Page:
As she listened to her clients during their counselling sessions, sometimes Louisa Smith’s body would react to a memory her mind couldn’t remember.
“That was an introduction to the extent of harm the residential school experience was to a wide group of First Nations. To realize that it didn’t only affect the survivors, that the second generation was affected as well,” she said of her first counselling job.
“The more I heard stories, the more I recalled my own experiences. I’m a survivor as well.”
When those memories resurfaced, Smith learned to let herself feel them.
“I ask myself, ‘How old are you, Louisa?’ This was part of my own therapy not to try to assess or try to think, but to let it come,” she said. “It feels like I’m about seven years old, and then I acknowledge that little seven-year-old, because it’s that little girl who’s feeling it.”
Smith was six years old when taken from her home in Kemano to the Alberni Indian Residential School. For the next four years, she was told her mother didn’t love her, and she couldn’t go home. It would be many more years before Smith learned none of this was true: her family had never stopped trying to bring her home.
One summer, she was finally allowed to return to Kemano, only to be taken again. This time her sister went with her, to the residential school in Alert Bay. Smith was only able to leave when she contracted tuberculosis a year later and had to be hospitalized. After an operation in Nanaimo, she was shuttled to another hospital. During her recovery, she was admitted to the hospital in Miller Bay, near Prince Rupert.
“The horrors of that experience adds to the residential school experience. In hindsight, I learned that there was a lot of experiments by doctors,” she said.
Finally, almost 10 years after she was first taken, Smith came home.
“By then, I didn’t know how to speak my language. It was ripped right out of me. I had no inkling about my culture, and I’m embarrassed to say that I was an absolute brat when I got home. In the school, you had to learn to survive so I was always in a defensive mode.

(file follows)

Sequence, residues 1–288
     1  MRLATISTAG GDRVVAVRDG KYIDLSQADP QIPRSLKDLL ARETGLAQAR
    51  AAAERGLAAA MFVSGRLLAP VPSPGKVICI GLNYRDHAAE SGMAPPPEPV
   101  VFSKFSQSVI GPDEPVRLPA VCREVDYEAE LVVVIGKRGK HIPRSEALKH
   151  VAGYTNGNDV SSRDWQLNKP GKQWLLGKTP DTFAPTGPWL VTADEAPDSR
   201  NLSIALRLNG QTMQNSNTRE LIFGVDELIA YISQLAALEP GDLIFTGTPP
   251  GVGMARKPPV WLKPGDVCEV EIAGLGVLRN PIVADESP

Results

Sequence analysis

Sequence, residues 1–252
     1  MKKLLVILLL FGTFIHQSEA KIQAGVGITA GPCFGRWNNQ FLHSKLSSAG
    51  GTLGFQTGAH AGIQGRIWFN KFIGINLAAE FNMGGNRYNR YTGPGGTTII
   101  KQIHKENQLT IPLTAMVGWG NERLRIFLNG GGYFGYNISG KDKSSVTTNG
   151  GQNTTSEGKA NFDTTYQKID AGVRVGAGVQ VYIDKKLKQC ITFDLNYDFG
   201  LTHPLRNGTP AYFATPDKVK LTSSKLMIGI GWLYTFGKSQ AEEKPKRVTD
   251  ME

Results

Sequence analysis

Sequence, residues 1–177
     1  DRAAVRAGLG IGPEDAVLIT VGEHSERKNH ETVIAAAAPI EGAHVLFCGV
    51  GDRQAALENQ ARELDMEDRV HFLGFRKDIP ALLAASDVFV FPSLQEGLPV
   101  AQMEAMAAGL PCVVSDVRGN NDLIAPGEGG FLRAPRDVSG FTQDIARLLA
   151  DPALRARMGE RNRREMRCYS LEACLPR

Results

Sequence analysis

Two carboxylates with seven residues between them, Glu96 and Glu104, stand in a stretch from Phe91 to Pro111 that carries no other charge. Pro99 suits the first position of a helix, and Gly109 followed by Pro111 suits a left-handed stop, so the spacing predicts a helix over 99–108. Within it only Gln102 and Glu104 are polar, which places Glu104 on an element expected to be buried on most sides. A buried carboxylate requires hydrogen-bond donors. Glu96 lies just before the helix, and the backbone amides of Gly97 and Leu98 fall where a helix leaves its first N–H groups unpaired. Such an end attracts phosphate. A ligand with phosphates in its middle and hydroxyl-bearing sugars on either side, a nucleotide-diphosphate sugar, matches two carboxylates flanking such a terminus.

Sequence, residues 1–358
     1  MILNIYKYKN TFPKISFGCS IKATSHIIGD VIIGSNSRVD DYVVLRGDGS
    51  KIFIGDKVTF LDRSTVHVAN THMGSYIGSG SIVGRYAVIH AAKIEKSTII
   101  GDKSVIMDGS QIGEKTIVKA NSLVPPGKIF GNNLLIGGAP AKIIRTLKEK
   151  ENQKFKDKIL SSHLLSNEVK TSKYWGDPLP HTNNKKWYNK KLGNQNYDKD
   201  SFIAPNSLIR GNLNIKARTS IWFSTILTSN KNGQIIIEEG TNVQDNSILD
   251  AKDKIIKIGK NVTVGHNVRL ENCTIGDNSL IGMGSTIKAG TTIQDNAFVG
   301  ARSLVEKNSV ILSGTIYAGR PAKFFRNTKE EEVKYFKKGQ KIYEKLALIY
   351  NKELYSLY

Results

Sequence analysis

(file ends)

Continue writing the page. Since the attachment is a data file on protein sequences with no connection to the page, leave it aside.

“I had no idea that my experiences had totally changed me internally. My thinking, my behaviour. Everything was just changed… I was an angry, angry person, and I acted it out,” she recalled.
The only person she wouldn’t speak back to was her grandmother. She remembers how her grandmother would “pump” love into her by wrapping an arm around Smith’s shoulders and repeatedly, but gently, squeezing. The gesture feels almost like a heartbeat, and Smith found it very comforting.
When Smith became a counsellor, she would ask her clients to think of someone who made them feel that way, and to find the same positive attributes in themselves.
“The more I learn about my own trauma, the more I’m able to help those that are just beginning to deal with our residential school nightmares. Then realizing the intergenerational effect and dealing with the second generation and giving them the history of what their parents went through,” Smith said.
Even though her counselling would often unearth memories that lay dormant in Smith, she continued to help even after the work day ended. She took a leave of absence from counselling for a year to coordinate the repatriation of the G’psgolox totem pole from Sweden. As a member of the board of directors for the Nanakila Institute, she helped save Kitlope from logging, and the area was designated a provincial park.
Closer to home, Smith has been on the board of directors for the Friendship House — twice — and on the board for Restorative Justice. When she retired from those positions and from counselling, she helped train frontline workers in various villages about trauma. She spoke of her residential school experience alongside an academic presentation to contextualize the information, travelling as far as Nova Scotia to share her knowledge.
These days, she sits on two boards, for the Indian Residential School Survivor Society and the Ministry of Children and Family Development elders’ council. Now and then, a school will ask her to be an elder-in-residence or to talk to students and faculty alike about reconciliation.
“You know when the dawn breaks, it’s really dark and then eventually it begins to get lighter and lighter and lighter until the sun is shining. That’s the best way I can describe that residential school,” Smith said. “I’m now standing in the light, in learning and understanding what happened to me and learning how to release it and let it go.”
Once, Justice Murray Sinclair, who was the chairman of the Indian Residential Schools Truth and Reconciliation Commission, told Smith that reconciliation would only work if it started in the home. Which home he meant — her village, her house or her family — Smith wasn’t sure. She decided, she said as she placed a hand over her chest, home is within.